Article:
Struggling singer/actress Stephanie Glassman’s life is nothing to be envied. As the single mother of an adorable but energetic young son, Jake, she’s been man-free for quite some time now. With no prospects in sight, career-wise or love life-wise, all Stephanie has to look forward to are the calorie-laden breakfast fry-ups she does every weekend for her two best friends during which they spill secrets, unburden themselves, give advice, meddle in each other’s lives and generally gossip.
When even her geriatric grandmother begins to have more fun in the sack than she, Stephanie can’t help but feel that she’s hit rock bottom. But that’s when things start to change. A famous actor and former colleague on whom she once had a massive crush suddenly re-enters her staid life and shows surprising interest in her. To complicate matters, Jake’s father, handsome stuntman Albert, also shows up, wanting togetherness and a family. Now with more love than she can handle, men fighting over her, and a fantastic job in the offing, Stephanie’s life is suddenly filled to the brim. Tempted and pulled in all directions, Stephanie has to choose between what’s right and what’s wrong, and on this one decision rests her entire life’s happiness.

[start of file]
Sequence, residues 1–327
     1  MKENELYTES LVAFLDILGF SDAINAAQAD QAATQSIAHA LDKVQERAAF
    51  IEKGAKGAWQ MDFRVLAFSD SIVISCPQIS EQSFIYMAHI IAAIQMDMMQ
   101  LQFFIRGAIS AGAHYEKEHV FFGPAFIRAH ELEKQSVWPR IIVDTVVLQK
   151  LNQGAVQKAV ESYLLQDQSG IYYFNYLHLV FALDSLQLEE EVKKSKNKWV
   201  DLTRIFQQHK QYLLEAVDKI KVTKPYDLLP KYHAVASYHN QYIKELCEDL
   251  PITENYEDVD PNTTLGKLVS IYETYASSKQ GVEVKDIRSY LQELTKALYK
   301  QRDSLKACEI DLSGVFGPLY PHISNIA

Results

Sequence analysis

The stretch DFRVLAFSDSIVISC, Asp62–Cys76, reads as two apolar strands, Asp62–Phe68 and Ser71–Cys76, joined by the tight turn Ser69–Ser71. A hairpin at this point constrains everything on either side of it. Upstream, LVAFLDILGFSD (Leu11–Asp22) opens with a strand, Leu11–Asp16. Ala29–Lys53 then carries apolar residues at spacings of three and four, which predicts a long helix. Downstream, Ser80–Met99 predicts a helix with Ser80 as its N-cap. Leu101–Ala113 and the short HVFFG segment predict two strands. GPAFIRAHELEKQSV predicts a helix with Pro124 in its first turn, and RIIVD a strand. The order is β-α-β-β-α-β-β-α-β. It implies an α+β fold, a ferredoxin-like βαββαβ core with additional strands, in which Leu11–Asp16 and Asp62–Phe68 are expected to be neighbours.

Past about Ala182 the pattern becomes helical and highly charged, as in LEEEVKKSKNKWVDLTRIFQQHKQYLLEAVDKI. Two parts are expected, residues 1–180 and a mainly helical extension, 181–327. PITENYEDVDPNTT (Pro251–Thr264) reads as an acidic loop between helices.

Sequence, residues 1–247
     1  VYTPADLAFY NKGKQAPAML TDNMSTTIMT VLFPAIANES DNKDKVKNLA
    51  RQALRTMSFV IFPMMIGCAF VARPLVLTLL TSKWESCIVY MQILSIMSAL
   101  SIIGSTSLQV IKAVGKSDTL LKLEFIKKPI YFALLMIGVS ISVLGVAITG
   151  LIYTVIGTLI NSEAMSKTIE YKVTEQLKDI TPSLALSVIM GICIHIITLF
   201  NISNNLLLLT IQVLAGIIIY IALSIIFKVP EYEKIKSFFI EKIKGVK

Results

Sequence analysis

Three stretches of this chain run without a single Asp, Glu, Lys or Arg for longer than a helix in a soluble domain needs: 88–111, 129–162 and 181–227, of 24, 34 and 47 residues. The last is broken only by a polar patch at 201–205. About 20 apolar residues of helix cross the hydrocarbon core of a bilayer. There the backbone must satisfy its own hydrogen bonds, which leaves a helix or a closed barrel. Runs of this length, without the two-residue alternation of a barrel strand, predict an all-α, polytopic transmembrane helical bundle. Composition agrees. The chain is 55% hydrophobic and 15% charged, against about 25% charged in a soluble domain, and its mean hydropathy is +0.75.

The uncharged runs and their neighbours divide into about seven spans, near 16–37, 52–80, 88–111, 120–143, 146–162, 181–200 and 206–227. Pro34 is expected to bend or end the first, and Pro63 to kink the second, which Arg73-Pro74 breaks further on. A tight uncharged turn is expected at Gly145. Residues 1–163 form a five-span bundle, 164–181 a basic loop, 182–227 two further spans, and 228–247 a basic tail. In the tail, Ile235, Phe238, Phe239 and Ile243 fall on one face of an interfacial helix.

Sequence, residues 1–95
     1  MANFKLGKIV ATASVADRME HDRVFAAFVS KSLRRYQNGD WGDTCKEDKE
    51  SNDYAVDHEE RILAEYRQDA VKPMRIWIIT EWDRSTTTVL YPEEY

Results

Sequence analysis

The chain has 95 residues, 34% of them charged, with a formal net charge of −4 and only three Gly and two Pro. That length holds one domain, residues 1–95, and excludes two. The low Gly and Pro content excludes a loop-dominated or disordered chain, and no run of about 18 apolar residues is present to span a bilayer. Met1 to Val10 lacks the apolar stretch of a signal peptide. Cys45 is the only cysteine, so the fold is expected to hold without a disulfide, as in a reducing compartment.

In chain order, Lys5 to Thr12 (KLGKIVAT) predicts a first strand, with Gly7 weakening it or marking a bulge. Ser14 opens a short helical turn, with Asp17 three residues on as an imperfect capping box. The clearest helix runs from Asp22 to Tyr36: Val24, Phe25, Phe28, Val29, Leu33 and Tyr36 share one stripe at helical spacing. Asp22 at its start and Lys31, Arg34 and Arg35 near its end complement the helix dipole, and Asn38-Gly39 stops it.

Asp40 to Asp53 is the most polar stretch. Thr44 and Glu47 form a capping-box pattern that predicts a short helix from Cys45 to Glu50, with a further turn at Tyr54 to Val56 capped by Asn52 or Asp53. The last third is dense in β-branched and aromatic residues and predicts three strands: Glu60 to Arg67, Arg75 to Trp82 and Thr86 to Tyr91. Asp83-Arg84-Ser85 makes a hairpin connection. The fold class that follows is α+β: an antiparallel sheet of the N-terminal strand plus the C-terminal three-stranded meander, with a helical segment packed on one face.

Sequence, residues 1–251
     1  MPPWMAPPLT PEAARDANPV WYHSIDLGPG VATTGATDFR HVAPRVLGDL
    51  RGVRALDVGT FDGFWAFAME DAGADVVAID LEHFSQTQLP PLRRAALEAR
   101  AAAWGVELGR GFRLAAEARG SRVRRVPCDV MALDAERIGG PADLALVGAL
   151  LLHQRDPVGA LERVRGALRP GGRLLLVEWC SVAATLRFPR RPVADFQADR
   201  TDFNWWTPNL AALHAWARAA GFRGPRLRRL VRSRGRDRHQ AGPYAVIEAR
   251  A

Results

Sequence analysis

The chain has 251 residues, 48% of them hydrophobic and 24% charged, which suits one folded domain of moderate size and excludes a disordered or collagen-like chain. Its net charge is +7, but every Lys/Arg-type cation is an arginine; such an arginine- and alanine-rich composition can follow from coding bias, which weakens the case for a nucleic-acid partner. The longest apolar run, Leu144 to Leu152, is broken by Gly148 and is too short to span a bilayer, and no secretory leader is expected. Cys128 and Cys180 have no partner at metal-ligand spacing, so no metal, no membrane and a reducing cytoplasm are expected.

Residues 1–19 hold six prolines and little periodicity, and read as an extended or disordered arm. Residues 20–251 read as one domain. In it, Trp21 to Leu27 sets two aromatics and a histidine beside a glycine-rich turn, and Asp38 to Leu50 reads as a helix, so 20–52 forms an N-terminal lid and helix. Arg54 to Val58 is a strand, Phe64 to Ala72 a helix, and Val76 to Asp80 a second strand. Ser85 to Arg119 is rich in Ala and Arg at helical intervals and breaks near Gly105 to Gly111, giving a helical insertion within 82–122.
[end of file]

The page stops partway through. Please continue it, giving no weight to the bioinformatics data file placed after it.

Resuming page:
Sue Margolis established herself as a leader in the booming trend of "Chick-lit" books with such smash-hits as Apocalipstick and Neurotica. While entertaining and filled to the brim with the usual assortment of engaging characters, Breakfast at Stephanie's doesn’t quite reach the standards set by this author’s previous books. Stephanie feels real; her problems as a single mother and struggling actress convey authenticity. But her propensity for vacillation, her general cluelessness and lack of drive all serve to make her a bit of a drag. The supporting cast is actually more interesting and varied, including a geriatric grandmother who never fails to surprise Stephanie and readers with her various sexual shenanigans, Stephanie’s father who takes his fight against junk email to ridiculous lengths, and many more. But with so many of them, the author never quite gets the time to develop them individually. Margolis succeeds in conveying a real British touch to the unfolding drama, and while the story overall is warm and entertaining, it doesn’t leave much of an impact.